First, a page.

Article – How to use a graphing calculator: an introduction - Casio Calculators

How to use a graphing calculator: an introduction

From graphing functions to exploring statistics, we examine some of the best ways to use the fx-CG50 graphic calculator.

A graphing calculator such as the Casio fx-CG50 is a powerful tool for both teaching and learning, as long as it’s used efficiently.

To really get the best out of your device, you and your students need to be familiar with its essential capabilities and how they can be applied to mathematical concepts, problems and questions in exams.

So, with that in mind, let’s look at some of the most important functionality available on our most advanced graphing calculator and how you can access it.

A-Lewel student using the Casio fx-CG50 graphic calculator

How to graph functions on a graphing calculator

The value of graphing functions to strengthen understanding and encourage deeper analysis really becomes clear as secondary school students start to explore concepts such as solving linear equations, simultaneous equations and quadratic equations.

On the main menu of the fx-CG50, you can access the various modes available on the calculator, including Graph. This is likely to be your first port of call for graphing functions.

When you open the app, you’ll be presented with a screen where you can enter the details of the functions you want to graph. The colour of each line – which are labelled as Y1, Y2 and so on – corresponds with the colour that will appear on the next screen when each function is graphed.

Input the relevant values for each function you want to graph, then press F6 (DRAW) or EXE to draw the graph.

Graph functions in the Casio fx-CG50 graphic calculator

Pressing Shift and F5 will take you to the G-SOLVE menu, which you can use for analytical tasks such as finding the root of a graph, calculating the point of intersection between two functions and determining the coordinates for given points.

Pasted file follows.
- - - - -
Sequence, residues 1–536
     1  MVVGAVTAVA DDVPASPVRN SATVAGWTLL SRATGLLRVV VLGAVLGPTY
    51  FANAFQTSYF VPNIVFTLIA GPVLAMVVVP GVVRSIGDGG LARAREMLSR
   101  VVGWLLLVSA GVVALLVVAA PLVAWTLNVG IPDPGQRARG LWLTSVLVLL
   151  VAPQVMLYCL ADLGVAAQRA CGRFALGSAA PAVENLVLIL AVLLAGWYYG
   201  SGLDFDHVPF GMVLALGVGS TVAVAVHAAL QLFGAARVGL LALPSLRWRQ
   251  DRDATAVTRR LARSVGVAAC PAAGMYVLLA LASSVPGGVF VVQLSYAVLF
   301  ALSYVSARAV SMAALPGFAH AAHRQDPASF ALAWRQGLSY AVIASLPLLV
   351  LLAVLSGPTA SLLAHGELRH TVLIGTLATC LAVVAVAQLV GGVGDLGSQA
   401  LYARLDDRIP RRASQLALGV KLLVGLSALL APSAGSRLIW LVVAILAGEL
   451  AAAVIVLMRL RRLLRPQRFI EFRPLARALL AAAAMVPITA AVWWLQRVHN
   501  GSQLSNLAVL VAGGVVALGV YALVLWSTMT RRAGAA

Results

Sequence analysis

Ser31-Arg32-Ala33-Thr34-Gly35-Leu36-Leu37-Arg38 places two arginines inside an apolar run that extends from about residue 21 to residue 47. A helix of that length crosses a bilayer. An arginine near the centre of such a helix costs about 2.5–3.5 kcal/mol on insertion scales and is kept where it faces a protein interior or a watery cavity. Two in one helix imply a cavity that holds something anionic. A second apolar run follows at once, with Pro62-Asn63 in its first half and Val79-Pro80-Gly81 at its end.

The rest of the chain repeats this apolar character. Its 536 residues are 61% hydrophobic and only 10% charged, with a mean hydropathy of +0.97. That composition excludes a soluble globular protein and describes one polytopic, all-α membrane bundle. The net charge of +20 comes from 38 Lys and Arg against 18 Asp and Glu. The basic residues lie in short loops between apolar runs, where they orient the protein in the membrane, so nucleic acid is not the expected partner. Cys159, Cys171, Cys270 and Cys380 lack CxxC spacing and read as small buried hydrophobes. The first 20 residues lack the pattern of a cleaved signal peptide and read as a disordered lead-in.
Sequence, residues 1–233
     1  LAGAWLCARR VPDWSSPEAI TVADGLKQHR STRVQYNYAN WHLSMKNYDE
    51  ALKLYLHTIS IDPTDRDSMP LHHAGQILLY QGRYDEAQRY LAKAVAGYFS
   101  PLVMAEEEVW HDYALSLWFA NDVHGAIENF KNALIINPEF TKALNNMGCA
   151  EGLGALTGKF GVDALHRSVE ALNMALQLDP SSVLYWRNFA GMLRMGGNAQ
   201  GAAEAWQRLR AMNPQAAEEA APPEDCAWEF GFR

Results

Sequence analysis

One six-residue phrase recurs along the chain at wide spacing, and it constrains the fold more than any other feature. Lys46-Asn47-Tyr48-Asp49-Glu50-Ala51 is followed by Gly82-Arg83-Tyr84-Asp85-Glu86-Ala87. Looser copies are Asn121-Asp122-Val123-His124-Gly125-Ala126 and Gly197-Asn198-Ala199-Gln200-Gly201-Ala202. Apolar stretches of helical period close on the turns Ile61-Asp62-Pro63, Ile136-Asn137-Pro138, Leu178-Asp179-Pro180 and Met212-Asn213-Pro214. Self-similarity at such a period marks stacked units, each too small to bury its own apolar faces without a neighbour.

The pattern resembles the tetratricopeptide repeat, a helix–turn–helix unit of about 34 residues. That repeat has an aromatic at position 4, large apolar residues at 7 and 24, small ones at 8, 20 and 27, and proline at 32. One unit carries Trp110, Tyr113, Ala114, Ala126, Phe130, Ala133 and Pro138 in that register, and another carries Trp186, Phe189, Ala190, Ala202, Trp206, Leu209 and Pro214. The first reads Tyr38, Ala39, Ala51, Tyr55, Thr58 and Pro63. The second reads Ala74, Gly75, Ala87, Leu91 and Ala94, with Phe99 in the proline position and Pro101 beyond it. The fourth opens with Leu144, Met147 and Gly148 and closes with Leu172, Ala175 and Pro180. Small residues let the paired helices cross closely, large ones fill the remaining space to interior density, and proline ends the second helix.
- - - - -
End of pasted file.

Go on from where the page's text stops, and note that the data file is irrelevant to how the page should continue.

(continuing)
The fx-CG50 is also capable of a lot more than taking basic simultaneous, quadratic and linear equation data and graphing the resulting functions, as we will see.

A-Lewel student using the Casio fx-CG50 graphic calculator

How to use a graphing calculator for statistics

One of the best things about a calculator such as the fx-CG50 is the range of applications it has beyond just graphing functions. As they progress in their mathematics education, students will find that combining some of the distinct features available on their handset offers great value for exploration and deeper understanding.

A good example of this is statistics – a topic that can really test the knowledge and skills of A-level maths students.

Entering Statistics mode on the fx-CG50 will take you to the List Editor screen, where you can input statistical data, perform calculations and produce graphs. By default, the calculator will display a scatter graph, but you can update the settings to present your data in several other ways, including:

Pie charts
Bar charts
Scatter diagrams
Box plots

Another key aspect of the fx-CG50’s statistics functionality that has proven popular among teachers and students since it was introduced in 2022 is Distribution mode.

This is a dedicated app for exploring probability distributions that is designed to make students’ lives easier and help them work faster, which is a big advantage in exams.

Key benefits of Distribution mode include a much quicker and easier process to graph distributions – including discrete distributions – and the fact that you don’t have to remember any syntax.